This Project provides Positive and Negative (Dual Output) 5 V @ 1 A Regulated Power Supply.
- Input 7-0-7 VAC to 12-0-12 VAC or +/- 9 to 18 VDC
- Output : Dual output ± 5 V @ 1 A regulated low ripple DC voltage
- Heat-sink for regulator ICs
- Onboard bridge rectifier to convert AC to DC
- LED indication for both the outputs
- Thermal overload/short circuit protection (provided by IC feature)
- Screw terminal connector for easy input and output connection
- Filter capacitors for low ripple DC output
- Four mounting holes of 3.2 mm each
- PCB dimensions 46 mm x 60 mm
5V Symmetrical Regulated Power Supply – [Link]
eliesalame @ instructables.com has written an introduction course to programming Arduino. It is focused on those who just starting now in the Arduino world.
It is meant to be a beginners guide that includes detailed explanation about the basic statements and functions. Most of the sketches I use are taken from the Arduino IDE for their simplicity. I wrote this guide when I first started working with Arduino as a way to help me code easier.
Arduino 101 Fundamentals – [Link]
A WiFi (Wireless Fidelity) is a technology that uses the 2.4GHz UHF and 5GHz SHF ISM radio bands to allow devices such as computers, smartphones, digital cameras, tablet computers, etc. to network. Nowadays the WiFi technology is being used by cities to provide free or low-cost Internet access to residents. The WiFi is inexpensive and is easy to setup but it is also unobtrusive. The people may not know that they are in a hotspot unless they open their smartphones or tablets and stream movies on it.
This reference design is a simple circuit that helps WiFi users determine if there is a hotspot nearby. The circuit uses a WiFi chip, a crystal, an SPI flash and some other external components to detect if there is a WiFi network available within the area. The WiFi chip is programmed to spot wireless networks and display the result on a small light emitting diode (LED) connected to one of the GPIO pins of the WiFi chip. The LED will just keep on blinking if there is no wireless network available within the area. As soon as the WiFi chip detects a network, the LED will stop blinking and become steady.
The prototype of this circuit must be in small size so that it is wearable. The WiFi chip and the LED with the battery can be soldered into two different PCBs to make the prototype smaller. The TE Connectivity 87220-8 male and 5-534237-6 female header then connects the WiFi and the LED PCBs. The WiFi chip only consumes small power especially when it is in standby mode. But to conserve power when it is not used, the user can turn OFF the WiFi detector using the TE Connectivity MLL1200S slide switch.
Wearable WiFi Detector – [Link]
The Tiny Audio Amplifier MODULE is a good choice for battery operation. It is based on LM386 IC, useful in various applications like robotics, science projects, intercom, FM radio and many more.
- Power Supply 6V-9V
- 300mW Output @ 8Ohms Load
- On Board Potentiometer for Audio Level Adjust
- Header Connecter for Supply, Signal in and Speaker
- On Board Power LED
- Input: Standard Audio Signal
LM386 SMD Audio Amplifier Module – [Link]
In this video we learn how to build a very usefull project. An Infrared thermometer, using the MLX90614 IR temperature sensor and the a Nokia 5110 LCD display shield. We are also using an Arduino Uno but you can use any Arduino board you like.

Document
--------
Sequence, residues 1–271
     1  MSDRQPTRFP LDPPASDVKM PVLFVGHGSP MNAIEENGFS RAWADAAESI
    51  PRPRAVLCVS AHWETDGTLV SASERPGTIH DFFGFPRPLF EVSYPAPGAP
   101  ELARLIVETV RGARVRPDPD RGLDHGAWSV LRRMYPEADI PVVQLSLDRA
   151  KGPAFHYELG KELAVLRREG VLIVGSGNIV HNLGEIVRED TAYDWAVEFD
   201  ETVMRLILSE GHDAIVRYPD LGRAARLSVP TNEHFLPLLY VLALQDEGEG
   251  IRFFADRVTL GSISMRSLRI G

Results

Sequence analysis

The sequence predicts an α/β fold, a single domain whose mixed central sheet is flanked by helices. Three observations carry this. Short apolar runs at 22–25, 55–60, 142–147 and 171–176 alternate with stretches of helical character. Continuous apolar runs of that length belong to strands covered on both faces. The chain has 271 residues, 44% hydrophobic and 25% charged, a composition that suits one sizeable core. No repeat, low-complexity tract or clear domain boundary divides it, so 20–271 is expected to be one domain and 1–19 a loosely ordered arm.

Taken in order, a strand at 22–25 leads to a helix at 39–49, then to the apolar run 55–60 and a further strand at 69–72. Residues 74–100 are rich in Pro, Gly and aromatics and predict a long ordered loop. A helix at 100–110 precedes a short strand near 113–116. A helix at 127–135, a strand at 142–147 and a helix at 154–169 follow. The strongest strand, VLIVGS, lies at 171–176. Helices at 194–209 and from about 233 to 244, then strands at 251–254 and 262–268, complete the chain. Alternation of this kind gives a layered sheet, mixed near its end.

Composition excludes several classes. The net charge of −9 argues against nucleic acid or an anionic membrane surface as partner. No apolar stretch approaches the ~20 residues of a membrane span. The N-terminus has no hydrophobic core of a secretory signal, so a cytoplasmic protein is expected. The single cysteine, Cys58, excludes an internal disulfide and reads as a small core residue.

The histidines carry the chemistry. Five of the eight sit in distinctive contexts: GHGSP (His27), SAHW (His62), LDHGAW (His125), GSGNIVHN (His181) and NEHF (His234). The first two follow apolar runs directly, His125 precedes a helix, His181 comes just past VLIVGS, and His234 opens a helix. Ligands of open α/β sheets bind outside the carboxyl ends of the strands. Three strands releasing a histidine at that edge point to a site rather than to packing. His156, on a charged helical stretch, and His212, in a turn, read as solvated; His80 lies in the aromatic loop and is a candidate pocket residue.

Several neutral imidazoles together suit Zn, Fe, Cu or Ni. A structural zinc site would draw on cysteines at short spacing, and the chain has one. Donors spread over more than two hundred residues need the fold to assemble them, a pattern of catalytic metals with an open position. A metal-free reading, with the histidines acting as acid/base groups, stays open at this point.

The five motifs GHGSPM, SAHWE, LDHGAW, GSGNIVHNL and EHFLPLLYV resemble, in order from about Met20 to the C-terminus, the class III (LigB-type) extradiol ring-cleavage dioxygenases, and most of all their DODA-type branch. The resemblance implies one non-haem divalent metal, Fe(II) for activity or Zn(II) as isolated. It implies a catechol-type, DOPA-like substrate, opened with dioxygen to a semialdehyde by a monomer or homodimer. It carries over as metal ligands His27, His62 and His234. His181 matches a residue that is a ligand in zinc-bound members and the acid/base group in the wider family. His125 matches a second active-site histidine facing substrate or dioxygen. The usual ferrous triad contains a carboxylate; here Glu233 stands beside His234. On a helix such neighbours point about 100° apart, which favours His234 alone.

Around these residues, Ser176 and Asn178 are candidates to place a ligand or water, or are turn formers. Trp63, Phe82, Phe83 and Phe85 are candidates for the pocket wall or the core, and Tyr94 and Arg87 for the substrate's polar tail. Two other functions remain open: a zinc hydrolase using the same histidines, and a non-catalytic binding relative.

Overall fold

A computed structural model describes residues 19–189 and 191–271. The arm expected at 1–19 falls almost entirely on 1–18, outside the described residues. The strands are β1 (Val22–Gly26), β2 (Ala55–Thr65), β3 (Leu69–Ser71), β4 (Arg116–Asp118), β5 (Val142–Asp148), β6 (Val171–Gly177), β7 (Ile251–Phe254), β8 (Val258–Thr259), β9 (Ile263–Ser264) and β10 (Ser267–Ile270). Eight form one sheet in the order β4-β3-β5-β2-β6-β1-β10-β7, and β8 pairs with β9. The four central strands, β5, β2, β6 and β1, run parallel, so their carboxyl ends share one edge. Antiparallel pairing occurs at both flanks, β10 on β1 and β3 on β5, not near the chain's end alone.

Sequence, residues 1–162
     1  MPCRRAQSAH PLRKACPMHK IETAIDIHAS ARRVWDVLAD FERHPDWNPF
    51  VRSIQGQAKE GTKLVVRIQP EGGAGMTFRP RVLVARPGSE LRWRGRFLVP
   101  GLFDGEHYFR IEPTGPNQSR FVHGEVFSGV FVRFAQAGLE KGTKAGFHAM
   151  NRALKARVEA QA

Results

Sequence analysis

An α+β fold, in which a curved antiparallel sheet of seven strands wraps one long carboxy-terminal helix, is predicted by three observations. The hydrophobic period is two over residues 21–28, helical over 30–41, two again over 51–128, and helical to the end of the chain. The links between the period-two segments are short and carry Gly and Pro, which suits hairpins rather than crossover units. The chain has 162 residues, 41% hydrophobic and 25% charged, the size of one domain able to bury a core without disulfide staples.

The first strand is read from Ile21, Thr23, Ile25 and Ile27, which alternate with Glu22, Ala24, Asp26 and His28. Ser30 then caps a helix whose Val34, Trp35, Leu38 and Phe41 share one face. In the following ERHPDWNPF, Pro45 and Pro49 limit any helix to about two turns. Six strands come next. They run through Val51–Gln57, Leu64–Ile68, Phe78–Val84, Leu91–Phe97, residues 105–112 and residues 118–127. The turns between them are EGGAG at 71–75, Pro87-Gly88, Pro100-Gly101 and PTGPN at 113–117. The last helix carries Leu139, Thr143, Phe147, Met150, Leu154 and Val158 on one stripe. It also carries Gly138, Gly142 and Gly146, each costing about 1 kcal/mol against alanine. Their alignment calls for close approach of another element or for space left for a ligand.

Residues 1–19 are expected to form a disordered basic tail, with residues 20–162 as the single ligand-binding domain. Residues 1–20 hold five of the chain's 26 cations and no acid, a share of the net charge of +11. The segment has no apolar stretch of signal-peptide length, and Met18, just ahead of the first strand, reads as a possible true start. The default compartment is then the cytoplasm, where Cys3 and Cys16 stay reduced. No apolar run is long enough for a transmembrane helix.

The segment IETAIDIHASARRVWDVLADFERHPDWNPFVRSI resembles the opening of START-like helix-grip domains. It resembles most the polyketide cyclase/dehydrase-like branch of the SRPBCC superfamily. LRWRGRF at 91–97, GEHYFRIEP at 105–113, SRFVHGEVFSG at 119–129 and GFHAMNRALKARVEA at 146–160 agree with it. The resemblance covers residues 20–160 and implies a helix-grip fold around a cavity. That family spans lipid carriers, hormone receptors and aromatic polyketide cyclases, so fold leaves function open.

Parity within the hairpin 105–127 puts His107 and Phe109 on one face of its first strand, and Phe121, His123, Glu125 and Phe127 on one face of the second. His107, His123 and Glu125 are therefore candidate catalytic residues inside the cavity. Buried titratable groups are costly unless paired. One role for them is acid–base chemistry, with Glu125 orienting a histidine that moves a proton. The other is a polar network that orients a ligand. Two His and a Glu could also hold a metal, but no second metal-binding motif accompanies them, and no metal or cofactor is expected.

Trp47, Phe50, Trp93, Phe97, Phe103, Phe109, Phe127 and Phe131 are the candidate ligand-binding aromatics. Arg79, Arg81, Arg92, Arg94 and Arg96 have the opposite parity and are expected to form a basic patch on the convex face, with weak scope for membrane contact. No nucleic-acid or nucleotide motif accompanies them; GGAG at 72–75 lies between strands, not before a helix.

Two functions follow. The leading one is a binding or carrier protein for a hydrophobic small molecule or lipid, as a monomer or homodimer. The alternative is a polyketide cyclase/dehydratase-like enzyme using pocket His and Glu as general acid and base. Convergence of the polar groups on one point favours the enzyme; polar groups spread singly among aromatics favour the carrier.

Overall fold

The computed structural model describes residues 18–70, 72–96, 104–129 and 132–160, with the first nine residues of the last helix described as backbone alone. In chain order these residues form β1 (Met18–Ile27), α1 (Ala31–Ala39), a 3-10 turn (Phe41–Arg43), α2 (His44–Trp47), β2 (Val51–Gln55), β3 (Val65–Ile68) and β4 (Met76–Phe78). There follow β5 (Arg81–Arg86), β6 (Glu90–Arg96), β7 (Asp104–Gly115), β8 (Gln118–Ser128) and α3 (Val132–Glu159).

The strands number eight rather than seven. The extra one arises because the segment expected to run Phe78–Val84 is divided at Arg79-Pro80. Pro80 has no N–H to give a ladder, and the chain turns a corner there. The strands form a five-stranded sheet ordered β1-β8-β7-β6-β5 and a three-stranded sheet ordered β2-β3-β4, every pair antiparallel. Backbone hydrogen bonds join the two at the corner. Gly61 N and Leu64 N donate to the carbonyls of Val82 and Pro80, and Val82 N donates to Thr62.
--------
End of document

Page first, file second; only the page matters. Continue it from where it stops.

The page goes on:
Arduino IR thermometer using the MLX90614 IR temperature sensor – [Link]
MichaelC349 @ instructables.com has designed an Arduino Mega 2560 board with bare minimum components and small size. The resulting board is bootloaded using an Arduino UNO and an external USB to serial adapter is used to program it.
Personally to be used for robotics projects that require ATmega2560’s 256 KB flash and digital/analog pins, where the size, weight, and USB port location of the original design is not ideal.
DIY Bare Minimum Arduino Mega 2560 – [Link]
In this article Rui Santos help us solve the main issues that may arise when trying to flash a new firmware or uploading scripts on ESP8266 Wifi module. He discuss about NodeMCU flasher and how to use it successfully and also he discuss about ESPlorer IDE and it’s use.
ESP8266 Troubleshooting Guide – [Link]
Lukas Fässler has designed a MPPT Solar Charger Arduino Shield and document it on the link below. A Solar MPPT charger is used to convert the solar panel voltage to the optimal voltage for charging a battery in the most efficient way. This way the solar panel works on the maximum power point and thus delivering maximum power to the battery.
The basic idea behind an MPPT solar charger is simple. A solar panel has a certain voltage (in the region of 17 to 18 volts for a 12 volts panel, somwhat dependent on temperature) at which it provides most power. So as long as the battery needs charging, you want to pull just as much current to reach this voltage. But once the battery is full you need to avoid overcharging the battery. So you want to maintain a maximum voltage for your battery (somewhere around 13.8 volts for a 12 volt lead acid battery) and no longer care about the pannel’s voltage.
Arduino MPPT Solar Charger Shield – [Link]
David @ robotroom.com build a microcontroller based LED tester with LCD display that shows the LED voltage, the current limit in mA, the desired led voltage and the calculated resistor value. The LED tester is based on ATtiny84 mcu which performs all the measurements and calculations and updates the display. Build details on the link below.
The adjustment trimpots are on the end of the tester. The trimpot with the thumb dial is to indicate the target circuit voltage (usually 5 V or 3.3 V). The other trimpot requires a screwdriver, because it controls current, which I usually want to keep at 20 mA.
LED Tester with LCD Display – [Link]